This section is from the book "Research In Physiopathology As Basis Of Guided Chemotherapy With Special Application To Cancer", by Emanuel Revici. Also available from amazon: Research In Physiopathology
The changes in the amount of potassium could be connected to its relationship to sodium, and further interpreted in the frame of the hierarchic organization. Both are members of the same series in the periodic chart, but they correspond to different compartments of the organization. Sodium is the cation of the metazoic compartment, and potassium that of the cellular. They would consequently act differently towards cells, for instance. Under abnormal conditions, sodium is able to enter the cells. For example, following an injury, the cellular membrane which is almost impermeable to sodium, lets it pass through. A penetration of sodium into cells occurs, as demonstrated by the use of radioactive sodium. (42) As a consequence, potassium is released from the cells in order to maintain the necessary osmotic pressure constant. Many abnormal processes occur following the penetration of the sodium in the cells and others occur due to the release of potassium. The sodium which entered in the cells is partly isolated together with water, to form cellular vacuoles. The response of the metazoic compartment to those changes are interesting. Hyperkalemia, with a simultaneous hyponatremia occurs in the first phase of the diphasic phenomenon. The opposite happens in the second phase, when hypokalemia coincides with a hypernatruria.
This antagonism between sodium and potassium is seen further in the pharmacologic activity of these elements. The administration of potassium salts induces a greater elimination of sodium and water, which explains its diuretic action with dehydration of tissues and progressive alkalinization of the urine. The effect upon the different organs is also antagonistic. For instance, in their effect upon the heart, as Merrill and co workers have shown, the characteristic electrocardiographic effects of hyperkalemia appear only when the sodium level of blood is lowered. (259) A high sodium content prevents the cardiac effects of hyperkalemia.
In opposition to the atrophy of the adrenal glomerulosa induced by an excess of sodium administration, a potassium overdose can cause an enlargement of these zones in rat adrenals.
The hyperkalemia due to external intake such as in potassium poisoning, or due to systemic response to low cellular potassium, specifically influences certain functions. The peripheral vascular collapse with lowered blood pressure, cold clammy skin, pallor, listlessness and mental confusion, are symptoms related to the offbalance D, and encountered in high plasma potassium. They appear in conditions such as shock and burns which correspond to a prolonged first phase of the diphasic phenomenon. Pares thesis and flaccid paralysis (260) (261) are also important results of hyperkalemia. The most important changes appear in cardiac physiology and can be interpreted to correspond to low cellular automatism. Hyperkalemia will thus induce dromotropic positive changes, such as the increase of the duration of the Q R S complex, or that of the P R interval, with a delay in the ventricular contraction, or a block which can lead to the arrest of the heart in diastole. (262), (263) Characteristically appears the changes in wave T, which increased became even angular. The change seen in offbalance D, are similar to those induced by a prolonged administration of potassium. In a study of the pharmacological activity of various agents upon the heart, made in collaboration with I. Eroglu, we used these changes as an indication of the type of offbalance they induce.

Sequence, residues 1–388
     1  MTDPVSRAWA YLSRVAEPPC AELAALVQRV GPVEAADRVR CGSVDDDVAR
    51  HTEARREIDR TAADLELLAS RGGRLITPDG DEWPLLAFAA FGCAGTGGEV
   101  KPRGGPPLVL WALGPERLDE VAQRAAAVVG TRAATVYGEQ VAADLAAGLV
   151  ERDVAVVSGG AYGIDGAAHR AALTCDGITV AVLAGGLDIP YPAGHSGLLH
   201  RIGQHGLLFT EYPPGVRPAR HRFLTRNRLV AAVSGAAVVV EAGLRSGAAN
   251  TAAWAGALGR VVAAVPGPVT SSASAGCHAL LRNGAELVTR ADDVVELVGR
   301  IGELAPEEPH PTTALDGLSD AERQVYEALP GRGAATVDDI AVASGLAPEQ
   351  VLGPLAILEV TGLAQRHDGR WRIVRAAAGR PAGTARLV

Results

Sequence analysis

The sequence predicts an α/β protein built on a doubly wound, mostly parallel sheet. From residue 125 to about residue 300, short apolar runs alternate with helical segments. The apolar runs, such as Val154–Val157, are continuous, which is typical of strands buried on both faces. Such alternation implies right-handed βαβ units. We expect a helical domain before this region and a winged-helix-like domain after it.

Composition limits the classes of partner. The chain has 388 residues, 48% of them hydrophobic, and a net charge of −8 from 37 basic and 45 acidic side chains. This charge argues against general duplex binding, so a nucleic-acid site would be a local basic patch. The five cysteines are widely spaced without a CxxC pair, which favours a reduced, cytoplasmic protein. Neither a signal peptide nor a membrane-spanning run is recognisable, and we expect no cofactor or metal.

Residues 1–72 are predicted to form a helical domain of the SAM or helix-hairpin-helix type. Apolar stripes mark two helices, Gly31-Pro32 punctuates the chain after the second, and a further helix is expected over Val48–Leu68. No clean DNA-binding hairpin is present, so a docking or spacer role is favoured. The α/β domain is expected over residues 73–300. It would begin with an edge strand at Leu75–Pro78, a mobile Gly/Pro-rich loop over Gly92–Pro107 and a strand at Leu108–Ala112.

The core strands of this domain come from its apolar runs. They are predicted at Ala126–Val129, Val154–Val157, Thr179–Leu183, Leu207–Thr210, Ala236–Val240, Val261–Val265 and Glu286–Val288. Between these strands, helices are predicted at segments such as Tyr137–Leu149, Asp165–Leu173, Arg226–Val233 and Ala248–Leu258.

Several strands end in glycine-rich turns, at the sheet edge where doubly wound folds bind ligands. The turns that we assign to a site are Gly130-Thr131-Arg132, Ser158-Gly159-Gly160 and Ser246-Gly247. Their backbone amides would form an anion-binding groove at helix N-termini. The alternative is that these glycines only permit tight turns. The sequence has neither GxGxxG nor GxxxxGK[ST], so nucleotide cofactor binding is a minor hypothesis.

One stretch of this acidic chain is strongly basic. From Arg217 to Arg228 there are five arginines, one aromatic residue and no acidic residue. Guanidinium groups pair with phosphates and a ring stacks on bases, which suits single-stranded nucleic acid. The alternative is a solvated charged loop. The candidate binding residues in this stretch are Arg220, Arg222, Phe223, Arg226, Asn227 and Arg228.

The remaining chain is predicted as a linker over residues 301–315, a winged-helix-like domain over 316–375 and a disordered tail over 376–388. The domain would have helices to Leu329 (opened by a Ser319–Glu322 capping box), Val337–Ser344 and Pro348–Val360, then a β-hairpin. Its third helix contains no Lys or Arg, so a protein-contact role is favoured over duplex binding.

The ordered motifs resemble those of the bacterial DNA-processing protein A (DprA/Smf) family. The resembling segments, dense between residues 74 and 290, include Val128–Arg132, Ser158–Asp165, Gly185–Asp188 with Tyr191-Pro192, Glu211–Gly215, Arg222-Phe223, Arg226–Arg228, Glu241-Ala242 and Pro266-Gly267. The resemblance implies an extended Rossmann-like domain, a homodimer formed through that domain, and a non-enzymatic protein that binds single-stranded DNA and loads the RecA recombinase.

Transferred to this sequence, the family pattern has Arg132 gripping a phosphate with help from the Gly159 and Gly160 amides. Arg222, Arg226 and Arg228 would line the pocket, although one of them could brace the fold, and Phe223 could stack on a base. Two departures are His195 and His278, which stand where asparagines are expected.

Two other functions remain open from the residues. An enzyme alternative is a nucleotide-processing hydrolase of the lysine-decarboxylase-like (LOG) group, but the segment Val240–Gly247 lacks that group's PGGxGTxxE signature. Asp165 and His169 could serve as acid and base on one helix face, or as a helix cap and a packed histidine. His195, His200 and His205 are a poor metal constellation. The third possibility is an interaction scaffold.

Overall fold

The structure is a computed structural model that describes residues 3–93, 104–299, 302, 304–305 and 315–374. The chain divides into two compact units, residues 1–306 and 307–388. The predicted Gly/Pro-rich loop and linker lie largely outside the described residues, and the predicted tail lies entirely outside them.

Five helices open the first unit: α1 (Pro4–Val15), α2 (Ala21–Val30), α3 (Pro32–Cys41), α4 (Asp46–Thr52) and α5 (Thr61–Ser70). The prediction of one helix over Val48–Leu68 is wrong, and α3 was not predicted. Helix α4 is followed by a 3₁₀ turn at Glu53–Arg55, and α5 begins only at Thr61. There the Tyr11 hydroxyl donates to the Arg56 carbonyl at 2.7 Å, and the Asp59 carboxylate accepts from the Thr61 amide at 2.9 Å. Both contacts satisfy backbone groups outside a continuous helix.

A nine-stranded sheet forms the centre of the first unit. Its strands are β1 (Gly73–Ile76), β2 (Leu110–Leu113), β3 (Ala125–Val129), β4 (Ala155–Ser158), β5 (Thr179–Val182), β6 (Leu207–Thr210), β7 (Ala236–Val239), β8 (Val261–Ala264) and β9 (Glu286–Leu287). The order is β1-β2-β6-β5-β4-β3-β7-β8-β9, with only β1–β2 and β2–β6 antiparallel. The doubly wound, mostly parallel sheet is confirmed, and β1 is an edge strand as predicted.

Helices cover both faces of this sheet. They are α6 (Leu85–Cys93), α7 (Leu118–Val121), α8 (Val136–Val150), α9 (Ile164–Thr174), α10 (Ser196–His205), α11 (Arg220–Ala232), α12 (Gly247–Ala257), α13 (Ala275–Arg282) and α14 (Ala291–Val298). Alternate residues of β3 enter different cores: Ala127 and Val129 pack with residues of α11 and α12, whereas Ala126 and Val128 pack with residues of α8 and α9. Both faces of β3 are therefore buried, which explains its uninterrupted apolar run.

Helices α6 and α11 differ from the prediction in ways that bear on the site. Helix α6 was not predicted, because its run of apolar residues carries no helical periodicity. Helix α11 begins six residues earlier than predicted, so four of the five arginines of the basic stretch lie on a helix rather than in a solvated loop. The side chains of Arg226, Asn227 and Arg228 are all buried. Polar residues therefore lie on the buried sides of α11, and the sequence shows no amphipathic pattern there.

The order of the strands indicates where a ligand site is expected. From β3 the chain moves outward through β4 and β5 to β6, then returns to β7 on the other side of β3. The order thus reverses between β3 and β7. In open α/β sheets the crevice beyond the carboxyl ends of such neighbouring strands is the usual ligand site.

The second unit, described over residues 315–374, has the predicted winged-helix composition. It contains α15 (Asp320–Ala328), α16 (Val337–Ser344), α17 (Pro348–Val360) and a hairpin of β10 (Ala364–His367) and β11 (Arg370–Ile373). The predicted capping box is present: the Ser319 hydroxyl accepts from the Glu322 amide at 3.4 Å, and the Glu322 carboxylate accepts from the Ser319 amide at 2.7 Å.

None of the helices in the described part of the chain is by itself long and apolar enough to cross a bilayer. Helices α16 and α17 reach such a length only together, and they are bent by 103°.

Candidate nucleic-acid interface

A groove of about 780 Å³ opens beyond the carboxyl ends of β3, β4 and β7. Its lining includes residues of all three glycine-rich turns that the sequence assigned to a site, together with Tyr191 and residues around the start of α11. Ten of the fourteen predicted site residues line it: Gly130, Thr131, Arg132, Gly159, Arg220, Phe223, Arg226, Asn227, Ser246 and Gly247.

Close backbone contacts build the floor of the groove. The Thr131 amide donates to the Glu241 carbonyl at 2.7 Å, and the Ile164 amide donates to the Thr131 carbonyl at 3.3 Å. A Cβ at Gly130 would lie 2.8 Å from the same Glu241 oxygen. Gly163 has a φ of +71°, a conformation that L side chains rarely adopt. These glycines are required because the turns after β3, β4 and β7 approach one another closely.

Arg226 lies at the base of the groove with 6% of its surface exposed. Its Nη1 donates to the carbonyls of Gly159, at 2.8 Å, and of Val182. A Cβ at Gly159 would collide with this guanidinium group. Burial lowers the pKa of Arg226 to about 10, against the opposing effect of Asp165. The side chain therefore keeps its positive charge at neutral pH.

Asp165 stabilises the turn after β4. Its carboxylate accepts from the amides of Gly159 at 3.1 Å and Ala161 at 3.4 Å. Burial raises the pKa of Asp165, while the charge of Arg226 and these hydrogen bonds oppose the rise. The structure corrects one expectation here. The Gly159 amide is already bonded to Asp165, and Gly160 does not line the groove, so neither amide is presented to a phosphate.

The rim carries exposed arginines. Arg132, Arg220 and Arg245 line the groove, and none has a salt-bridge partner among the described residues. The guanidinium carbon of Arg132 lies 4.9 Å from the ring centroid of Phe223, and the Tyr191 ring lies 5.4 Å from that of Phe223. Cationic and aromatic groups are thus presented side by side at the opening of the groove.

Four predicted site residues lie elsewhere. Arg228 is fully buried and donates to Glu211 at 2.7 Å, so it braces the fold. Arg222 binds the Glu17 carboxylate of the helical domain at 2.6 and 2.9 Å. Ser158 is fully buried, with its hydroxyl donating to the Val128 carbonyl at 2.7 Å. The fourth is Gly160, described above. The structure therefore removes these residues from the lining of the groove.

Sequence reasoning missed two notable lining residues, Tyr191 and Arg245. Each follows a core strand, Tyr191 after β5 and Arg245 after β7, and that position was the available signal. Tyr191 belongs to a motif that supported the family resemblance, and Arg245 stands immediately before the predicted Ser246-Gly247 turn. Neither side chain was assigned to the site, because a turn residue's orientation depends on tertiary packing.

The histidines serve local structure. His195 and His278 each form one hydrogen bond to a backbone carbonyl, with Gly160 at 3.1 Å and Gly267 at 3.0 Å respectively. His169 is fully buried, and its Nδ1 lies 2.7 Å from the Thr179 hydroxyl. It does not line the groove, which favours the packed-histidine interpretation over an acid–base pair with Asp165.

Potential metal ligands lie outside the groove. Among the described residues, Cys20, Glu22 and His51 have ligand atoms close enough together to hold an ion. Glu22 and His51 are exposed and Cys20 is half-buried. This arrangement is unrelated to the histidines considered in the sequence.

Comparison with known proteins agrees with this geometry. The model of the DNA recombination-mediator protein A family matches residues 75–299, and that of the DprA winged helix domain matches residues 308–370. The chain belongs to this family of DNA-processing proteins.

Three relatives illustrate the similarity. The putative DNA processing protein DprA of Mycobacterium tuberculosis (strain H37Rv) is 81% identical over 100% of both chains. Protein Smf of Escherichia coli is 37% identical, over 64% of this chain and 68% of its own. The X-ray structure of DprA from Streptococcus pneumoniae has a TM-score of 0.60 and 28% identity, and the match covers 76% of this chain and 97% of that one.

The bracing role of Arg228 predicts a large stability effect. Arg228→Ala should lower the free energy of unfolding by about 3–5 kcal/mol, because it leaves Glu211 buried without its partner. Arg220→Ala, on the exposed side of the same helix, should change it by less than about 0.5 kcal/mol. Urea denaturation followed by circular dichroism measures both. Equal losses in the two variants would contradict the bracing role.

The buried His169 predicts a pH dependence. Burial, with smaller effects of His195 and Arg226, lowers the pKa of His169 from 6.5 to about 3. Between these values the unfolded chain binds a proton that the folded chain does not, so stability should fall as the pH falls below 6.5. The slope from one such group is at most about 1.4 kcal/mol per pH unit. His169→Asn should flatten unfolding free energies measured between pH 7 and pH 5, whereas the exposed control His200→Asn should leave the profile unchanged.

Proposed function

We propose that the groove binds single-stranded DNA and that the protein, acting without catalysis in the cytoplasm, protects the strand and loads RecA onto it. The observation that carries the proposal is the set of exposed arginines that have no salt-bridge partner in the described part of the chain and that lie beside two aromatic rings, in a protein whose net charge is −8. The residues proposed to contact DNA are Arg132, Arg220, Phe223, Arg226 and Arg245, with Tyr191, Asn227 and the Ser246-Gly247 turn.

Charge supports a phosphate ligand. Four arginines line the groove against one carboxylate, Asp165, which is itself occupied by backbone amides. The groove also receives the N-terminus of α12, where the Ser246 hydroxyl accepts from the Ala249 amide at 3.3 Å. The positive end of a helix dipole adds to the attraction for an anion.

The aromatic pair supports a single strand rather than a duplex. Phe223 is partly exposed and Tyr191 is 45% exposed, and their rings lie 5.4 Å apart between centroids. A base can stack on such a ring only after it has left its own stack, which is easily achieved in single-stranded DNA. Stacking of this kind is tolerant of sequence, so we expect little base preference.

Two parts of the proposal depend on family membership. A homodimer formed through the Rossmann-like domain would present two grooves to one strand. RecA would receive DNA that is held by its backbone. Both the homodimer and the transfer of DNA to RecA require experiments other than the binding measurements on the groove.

Fig. 216B shows some examples of this effect on rabbits. One group comprises agents considered as able to induce an offbalance D. They induce changes in the T wave which high amplitude is characteristic for a hyperkalemia. An opposite effect is seen in the other group, formed by agents able to induce an offbalance A, and where the T waves are remarkedly depressed. (See page 574).
All these considerations have led to a more precise use in therapy of the information furnished by the study of potassium distribution. The quantitative deficiency—recognized by low potassium in total blood and serum—is controlled by oral and parenteral administration of potassium. A quantitative excess—with high values in serum and total blood—is treated with the administration of ionic exchange compounds, diet, laxatives and more sodium intake. For the offbalances, the treatment is especially directed to those agents which seem to influence more strongly the cellular potassium metabolism. Selenium lipoids and sulfurized tetra hydronaph thalene are used for offbalance A, and heptanol for offbalance D.
The fact that the cellular membrane plays an important role in the metabolism through which the abnormal changes in potassium occur, has led us to use agents acting upon these membranes. Adrenaline has been seen to favor the discharge of potassium from the liver cells, simultaneously with glycogen. We thus used adrenaline for cases of offbalance A in which an especially high cellular potassium was present. On the opposite side, the administration of insulin together with an increased intake of glucose was seen to increase the cellular potassium. (258) A similar effect was seen for cortisone, and ACTH, for heptanol, cholesterol and also for the un saponifiable fractions of organs. These agents have been used in the treatment of offbalance D at the cellular level, where abnormal high values of serum potassium are present.